For more detailed information on tax deductibility, see IRS Publication 526 – Charitable Contributions:


As reported by Giving USA, Americans gave $427.7 billion in 2018 which represents a 1.7 percent decline in the inflation-adjusted total of $435.1 billion contributed in the previous year. Giving USA - The Annual Report on Philanthropy for the Year 2018, which was released in June 2019, is a public outreach initiative of the Giving USA Foundation that is researched and written by the Indiana University Lilly Family School of Philanthropy.

There are a number of issues that contributed to this decline, including, but not limited to, the recent changes in the U.S. tax code and the volatile U.S. stock market, but more research is likely to be conducted to help understand these philanthropic statistics.

The 2018 giving total is not the first decline in charitable giving in the U.S. over the past forty years. While a decline is not common, it does not necessarily represent a continuing trend.


Each year the U.S. Internal Revenue Service produces a Data Book that provides information and statistics about returns filed, taxes collected and related issues such as data on tax-exempt organizations. The 2018 Data Book which was released in May 2019 includes a table which shows the number of tax-exempt organizations. There are 20 different categories that fall under section 501(c) of the Internal Revenue Code which includes various types of organizations (including, but not limited to, labor unions, lobbying organizations, business leagues, recreation clubs, fraternal groups, benevolent life insurance companies, etc.). For 2018, the IRS reports that the combined total number of organizations under this 501(c) category was 1,682,091.

The largest of these categories in terms of the number of organizations, is section 501(c)(3) which covers charitable organizations. The IRS reports that in 2018 there were 1,327,714 organizations that were included in this 501(c)(3) charitable tax-exempt status. That total represents 78% of the combined total number of 501(c) groups referenced above.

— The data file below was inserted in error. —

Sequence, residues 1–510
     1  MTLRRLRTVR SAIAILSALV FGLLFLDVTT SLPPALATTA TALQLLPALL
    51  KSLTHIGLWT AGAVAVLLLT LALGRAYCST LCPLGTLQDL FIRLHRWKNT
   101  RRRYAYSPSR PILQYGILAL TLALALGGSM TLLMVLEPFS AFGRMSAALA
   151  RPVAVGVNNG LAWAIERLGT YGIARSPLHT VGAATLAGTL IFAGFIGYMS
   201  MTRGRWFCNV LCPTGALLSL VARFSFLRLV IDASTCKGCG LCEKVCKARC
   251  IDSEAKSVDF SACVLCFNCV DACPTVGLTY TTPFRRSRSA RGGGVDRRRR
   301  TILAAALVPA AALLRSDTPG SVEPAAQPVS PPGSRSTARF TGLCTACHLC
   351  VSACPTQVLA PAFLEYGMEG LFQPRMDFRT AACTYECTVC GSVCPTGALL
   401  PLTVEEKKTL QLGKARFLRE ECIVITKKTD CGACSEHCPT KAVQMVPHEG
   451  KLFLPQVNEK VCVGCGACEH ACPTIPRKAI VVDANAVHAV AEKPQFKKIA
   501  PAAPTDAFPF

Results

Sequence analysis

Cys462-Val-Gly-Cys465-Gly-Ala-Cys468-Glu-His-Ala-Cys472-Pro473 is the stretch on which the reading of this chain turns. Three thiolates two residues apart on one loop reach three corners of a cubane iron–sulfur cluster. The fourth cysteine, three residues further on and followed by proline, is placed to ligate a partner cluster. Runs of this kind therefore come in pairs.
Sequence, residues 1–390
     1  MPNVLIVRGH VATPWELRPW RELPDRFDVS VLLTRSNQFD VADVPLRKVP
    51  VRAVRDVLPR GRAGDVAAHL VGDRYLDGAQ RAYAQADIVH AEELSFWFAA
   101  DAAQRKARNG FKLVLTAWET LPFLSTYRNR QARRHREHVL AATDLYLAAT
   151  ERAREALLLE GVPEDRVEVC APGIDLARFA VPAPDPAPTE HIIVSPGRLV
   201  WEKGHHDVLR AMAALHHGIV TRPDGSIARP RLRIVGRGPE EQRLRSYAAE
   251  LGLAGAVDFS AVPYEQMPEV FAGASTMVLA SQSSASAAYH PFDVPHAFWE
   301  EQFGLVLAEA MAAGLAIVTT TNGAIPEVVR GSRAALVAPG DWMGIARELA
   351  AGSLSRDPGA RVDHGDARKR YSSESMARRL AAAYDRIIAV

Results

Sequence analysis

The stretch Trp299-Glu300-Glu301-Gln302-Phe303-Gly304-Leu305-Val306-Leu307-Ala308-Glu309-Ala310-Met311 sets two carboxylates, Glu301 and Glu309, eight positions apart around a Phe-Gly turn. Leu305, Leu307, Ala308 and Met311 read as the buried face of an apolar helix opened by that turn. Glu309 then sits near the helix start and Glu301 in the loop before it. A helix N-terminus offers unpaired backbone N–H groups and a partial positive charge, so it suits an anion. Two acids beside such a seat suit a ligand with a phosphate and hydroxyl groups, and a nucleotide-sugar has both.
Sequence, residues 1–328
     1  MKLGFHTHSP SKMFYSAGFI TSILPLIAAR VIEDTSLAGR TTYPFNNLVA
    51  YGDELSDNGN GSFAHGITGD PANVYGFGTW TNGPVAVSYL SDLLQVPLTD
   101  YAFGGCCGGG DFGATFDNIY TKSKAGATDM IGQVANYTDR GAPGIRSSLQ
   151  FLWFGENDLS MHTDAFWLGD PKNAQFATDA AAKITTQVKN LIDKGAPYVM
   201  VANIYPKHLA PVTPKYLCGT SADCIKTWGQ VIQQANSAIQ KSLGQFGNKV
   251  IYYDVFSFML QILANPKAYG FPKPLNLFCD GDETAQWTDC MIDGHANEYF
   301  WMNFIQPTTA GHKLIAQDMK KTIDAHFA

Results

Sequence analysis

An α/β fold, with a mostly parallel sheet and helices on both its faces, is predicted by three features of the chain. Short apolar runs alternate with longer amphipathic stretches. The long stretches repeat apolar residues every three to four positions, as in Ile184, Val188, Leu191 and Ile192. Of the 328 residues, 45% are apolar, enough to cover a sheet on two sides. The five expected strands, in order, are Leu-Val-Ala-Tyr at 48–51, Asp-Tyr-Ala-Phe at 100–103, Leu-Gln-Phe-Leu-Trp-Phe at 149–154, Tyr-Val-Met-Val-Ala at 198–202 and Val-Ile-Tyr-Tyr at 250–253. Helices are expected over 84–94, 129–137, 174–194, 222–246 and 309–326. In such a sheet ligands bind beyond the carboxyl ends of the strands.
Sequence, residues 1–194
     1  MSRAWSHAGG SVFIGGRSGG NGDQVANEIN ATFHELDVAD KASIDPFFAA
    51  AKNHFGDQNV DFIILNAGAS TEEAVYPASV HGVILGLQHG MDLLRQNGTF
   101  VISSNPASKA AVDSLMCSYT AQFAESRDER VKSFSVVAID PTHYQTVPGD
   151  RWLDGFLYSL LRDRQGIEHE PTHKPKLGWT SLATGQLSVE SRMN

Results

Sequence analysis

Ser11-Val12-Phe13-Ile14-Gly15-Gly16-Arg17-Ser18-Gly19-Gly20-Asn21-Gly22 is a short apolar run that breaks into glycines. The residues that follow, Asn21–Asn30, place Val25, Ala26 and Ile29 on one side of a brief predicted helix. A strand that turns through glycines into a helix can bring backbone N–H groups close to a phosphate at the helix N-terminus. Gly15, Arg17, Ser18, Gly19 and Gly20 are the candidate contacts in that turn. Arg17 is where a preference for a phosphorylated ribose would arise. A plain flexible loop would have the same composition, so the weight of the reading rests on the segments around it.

The actual total number of charities in the U.S., however, may be a bit higher than 1,327,714 for several reasons:

  • Houses of worship (churches, synagogues, mosques, etc.) are not required to file for 501(c)(3) status in order to have charitable tax-exempt status. It is estimated that there are about 350,000 religious congregations in the U.S.
  • If an organization that operates under the IRS definition of a charity has gross revenue of less than $5,000, it is not required to apply for 501(c)(3) in order to have this charitable tax-exempt status.
  • Some organizations may fall under a group exemption letter held by a parent organization.

While that 1.33 million total is huge, keep in mind that most of these charities are very small. More than half of them bring in $50,000 or less and do not fill out the IRS Form 990. Instead, they complete the IRS Form 990-N which is a type of electronic postcard that confirms they continue to operate. The remainders complete either IRS Form 990-EZ (gross income between $50,000 and $200,000) or the full IRS Form 990 ($200,000 or more in gross revenue.) Also, this group includes about 87,000 private foundations (in general, these are private or corporate foundations that give out grants and do not solicit) which complete the IRS Form 990-PF.

Finally, the total number of charities has been growing. As shown in the IRS Data Book for the past five years, the total average gain in the number of 501(c)(3) organizations has been about 42,000 charities per year. This average increase incorporates newly formed organizations and reflects subtractions of those that have either lost their exempt status or ceased operations:

Number of 501(c)(3) tax-exempt charities